The work of identity researchers argue that current theories of second language acquisition are problematic in explaining the relationship between the language learner and the wider social world. This study examines the relationship between situated identities and constructed learning environments, and discusses the implications this relationship may have on language learners’ perceptions of acquisition of English through a longitudinal case study of a group of Chinese students studying English in London. It identifies a number of recurring themes; including personal ‘investment’ in English, perceptions and experiences of English, imagined communities, stratification of English varieties, and learners’ literacy practices. The study argues that reasons for learning English and the educational values of being in a native speaker environment should be seen in terms of the learners’ identities and complex social realities that they construct, shaped by a mixture of language preferences, social values, personal goals and notions of ‘home’.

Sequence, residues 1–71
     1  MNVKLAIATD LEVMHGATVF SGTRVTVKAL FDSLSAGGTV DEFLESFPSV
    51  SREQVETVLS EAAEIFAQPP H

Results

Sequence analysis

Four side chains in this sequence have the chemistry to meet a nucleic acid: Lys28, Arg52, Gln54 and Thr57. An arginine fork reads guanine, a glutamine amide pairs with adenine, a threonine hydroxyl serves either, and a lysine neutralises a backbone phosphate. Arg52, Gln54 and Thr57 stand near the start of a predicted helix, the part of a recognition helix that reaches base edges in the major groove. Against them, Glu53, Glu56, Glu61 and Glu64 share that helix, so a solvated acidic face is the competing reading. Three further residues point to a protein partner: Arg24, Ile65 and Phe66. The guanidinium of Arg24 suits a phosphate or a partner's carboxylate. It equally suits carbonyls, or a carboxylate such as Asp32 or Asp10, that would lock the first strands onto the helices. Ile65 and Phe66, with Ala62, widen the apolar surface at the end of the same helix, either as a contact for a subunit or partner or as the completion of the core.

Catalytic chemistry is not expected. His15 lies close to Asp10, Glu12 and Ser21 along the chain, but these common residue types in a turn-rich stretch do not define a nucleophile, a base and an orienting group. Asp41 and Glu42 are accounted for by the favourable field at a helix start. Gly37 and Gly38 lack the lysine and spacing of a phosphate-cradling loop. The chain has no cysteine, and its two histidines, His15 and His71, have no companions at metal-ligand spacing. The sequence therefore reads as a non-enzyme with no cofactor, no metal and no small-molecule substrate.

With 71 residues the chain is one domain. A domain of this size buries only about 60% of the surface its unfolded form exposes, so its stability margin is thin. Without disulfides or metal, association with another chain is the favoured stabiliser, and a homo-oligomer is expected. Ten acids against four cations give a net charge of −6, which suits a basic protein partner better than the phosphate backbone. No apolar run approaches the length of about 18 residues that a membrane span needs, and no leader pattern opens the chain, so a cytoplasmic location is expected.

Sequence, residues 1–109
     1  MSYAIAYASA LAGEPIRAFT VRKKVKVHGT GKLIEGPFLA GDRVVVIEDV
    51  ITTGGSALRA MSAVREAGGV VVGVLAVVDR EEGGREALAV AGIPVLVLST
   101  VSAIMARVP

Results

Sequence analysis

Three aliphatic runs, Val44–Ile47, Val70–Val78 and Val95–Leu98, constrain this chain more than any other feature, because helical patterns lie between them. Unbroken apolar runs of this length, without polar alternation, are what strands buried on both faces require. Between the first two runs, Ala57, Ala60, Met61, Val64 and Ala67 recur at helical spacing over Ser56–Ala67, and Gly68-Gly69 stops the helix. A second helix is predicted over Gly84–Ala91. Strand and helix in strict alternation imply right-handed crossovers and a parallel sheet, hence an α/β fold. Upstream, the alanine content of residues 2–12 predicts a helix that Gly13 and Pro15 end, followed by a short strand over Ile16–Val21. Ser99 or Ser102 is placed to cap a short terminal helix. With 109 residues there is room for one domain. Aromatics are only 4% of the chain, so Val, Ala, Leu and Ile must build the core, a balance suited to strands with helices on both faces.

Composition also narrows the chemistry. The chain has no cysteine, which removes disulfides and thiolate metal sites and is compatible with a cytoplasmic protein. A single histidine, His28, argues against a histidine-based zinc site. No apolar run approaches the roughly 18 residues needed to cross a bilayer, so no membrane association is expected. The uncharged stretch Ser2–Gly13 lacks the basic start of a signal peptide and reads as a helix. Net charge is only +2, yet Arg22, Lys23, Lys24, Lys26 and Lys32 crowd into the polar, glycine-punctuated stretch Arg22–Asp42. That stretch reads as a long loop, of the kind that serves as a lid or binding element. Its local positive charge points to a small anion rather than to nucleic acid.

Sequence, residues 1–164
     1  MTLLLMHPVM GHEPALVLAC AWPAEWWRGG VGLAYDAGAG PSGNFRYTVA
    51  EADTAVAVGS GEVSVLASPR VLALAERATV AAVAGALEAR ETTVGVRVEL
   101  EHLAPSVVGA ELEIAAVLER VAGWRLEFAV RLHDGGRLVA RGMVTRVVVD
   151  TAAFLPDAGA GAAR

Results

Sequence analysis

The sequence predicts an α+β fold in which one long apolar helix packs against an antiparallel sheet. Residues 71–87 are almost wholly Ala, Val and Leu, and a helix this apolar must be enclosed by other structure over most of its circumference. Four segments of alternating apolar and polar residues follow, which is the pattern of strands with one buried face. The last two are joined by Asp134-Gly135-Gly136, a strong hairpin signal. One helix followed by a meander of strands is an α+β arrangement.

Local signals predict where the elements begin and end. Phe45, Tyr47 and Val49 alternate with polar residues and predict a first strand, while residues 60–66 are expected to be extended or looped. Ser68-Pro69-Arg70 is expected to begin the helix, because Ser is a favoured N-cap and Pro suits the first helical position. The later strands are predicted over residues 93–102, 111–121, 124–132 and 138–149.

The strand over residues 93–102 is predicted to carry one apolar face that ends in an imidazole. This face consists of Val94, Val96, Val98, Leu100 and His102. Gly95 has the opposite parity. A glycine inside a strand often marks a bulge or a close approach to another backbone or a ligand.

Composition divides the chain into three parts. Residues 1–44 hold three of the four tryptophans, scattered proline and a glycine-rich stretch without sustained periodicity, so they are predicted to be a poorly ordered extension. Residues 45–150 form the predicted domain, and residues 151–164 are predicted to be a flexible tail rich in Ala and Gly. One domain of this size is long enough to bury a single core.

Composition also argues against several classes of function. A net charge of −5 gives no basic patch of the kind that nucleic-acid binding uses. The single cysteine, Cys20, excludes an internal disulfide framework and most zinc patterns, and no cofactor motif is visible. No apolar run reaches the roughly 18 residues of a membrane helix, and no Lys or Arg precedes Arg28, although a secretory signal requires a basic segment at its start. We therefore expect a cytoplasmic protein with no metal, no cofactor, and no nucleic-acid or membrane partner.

|Number of Pages||612|
|Country of Manufacture||India|
|Product Brand||LAP LAMBERT Academic Publishing|
|Product Packaging Info||Box|
|In The Box||1 Piece|
|Product First Available On ClickOnCare.com||2015-07-28 00:00:00|